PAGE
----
Scientists make sturdy touchscreens to prevent breakage

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Scientists have developed a method to make touchscreens significantly sturdier, so that there is less chance of cracking if a user drops their smartphone, for example. Flexible electronics are used.

The method was developed by researchers at the University of Akron. According to the makers, they have found a way to make a layer of flexible and transparent electronics that is placed on a polymer layer. The electronics layer is formed by a network of copper nanowires. In addition, the scientists claim that the two layers combined are just as transparent as with a conventional touchscreen, which is made on the basis of indium tin oxide. However, displays from the University of Akron are sturdier due to their flexibility and can conduct electricity better.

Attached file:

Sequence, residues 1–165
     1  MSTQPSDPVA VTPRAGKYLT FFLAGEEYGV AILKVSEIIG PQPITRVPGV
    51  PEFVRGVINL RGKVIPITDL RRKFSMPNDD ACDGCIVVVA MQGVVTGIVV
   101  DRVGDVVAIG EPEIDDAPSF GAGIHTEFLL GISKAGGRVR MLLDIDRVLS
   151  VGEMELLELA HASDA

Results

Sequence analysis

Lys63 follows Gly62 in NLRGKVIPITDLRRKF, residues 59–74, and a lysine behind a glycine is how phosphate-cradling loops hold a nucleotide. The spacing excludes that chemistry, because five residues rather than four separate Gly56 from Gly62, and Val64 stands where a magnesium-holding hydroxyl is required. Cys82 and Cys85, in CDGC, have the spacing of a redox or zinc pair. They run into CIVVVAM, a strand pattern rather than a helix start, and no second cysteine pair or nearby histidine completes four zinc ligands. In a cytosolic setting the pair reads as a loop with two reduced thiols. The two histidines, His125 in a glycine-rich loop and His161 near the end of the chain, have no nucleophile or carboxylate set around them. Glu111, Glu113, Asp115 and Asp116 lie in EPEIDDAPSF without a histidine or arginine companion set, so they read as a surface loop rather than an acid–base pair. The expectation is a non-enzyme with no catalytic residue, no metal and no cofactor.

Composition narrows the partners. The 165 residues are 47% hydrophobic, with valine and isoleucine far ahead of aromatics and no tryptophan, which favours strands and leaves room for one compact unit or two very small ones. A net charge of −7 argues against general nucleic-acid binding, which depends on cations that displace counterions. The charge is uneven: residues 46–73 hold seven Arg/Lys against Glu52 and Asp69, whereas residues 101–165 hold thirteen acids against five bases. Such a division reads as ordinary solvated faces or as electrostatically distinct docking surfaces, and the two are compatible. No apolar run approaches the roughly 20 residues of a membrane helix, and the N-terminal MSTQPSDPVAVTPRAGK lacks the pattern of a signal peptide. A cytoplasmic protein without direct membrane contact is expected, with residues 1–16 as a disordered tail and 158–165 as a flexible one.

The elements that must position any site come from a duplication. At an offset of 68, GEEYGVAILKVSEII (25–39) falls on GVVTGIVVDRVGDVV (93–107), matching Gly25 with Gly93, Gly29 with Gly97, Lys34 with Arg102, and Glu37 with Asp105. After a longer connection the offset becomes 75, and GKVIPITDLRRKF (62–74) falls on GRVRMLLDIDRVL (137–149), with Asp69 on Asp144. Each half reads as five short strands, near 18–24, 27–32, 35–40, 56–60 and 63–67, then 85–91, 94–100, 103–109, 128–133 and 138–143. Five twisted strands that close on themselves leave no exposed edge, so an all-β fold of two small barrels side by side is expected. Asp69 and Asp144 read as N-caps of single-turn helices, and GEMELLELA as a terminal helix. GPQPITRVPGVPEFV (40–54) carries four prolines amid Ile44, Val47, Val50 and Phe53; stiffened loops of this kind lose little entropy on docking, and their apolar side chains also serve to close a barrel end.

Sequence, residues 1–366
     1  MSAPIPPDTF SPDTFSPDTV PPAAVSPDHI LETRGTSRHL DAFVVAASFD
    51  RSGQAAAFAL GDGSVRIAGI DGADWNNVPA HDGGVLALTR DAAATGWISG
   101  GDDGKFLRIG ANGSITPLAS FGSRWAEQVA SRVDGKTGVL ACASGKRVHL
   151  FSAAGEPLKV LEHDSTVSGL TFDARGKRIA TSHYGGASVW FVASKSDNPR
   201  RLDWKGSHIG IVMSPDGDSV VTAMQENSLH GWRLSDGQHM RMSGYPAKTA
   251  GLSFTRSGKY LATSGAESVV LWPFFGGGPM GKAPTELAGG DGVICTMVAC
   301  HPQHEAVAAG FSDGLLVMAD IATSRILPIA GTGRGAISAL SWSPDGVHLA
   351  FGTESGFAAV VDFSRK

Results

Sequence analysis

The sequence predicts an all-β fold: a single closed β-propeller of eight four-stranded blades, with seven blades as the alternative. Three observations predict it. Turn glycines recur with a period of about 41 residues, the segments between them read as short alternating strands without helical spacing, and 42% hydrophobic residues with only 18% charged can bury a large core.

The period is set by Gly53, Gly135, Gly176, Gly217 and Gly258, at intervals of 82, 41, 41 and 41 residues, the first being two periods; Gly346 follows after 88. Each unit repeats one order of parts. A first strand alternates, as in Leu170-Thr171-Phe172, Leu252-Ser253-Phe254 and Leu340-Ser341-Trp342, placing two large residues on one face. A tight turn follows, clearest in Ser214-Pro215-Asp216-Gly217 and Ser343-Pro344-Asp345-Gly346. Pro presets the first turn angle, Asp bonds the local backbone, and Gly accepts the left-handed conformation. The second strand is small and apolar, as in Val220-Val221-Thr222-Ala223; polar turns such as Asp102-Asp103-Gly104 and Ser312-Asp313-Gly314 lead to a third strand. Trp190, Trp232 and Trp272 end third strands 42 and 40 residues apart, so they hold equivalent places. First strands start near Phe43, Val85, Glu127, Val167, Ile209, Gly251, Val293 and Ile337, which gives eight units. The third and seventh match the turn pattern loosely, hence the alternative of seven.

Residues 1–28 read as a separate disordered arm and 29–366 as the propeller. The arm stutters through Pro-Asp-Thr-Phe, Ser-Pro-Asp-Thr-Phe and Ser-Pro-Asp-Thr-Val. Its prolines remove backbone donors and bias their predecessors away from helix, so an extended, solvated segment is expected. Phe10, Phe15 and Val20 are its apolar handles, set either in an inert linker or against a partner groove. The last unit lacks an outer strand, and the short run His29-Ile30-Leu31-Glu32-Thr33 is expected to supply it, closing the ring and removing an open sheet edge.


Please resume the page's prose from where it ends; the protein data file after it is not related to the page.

By making touchscreens with the new, flexible layer of electronics, mobile phone displays can become much sturdier. This should ensure that a screen no longer breaks if, for example, a smartphone user drops his device. The scientists believe that their method for robust touchscreens can compete with existing, conventional touchscreens, partly because the production is theoretically cheaper.

The scientists have published their findings in the journal Nano of the American Chemical Society. For the time being, it is unclear when the flexible, sturdy touchscreens will be commercially produced and which manufacturers are interested.

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